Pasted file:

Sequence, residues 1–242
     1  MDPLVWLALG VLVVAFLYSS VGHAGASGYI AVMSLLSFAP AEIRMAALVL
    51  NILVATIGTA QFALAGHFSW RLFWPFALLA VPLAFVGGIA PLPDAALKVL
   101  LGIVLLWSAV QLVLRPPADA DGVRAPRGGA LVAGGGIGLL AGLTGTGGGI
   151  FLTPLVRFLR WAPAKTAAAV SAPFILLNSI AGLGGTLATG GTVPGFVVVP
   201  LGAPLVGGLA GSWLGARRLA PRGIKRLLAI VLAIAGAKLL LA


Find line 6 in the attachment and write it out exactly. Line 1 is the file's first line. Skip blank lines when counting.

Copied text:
   201  LGAPLVGGLA GSWLGARRLA PRGIKRLLAI VLAIAGAKLL LA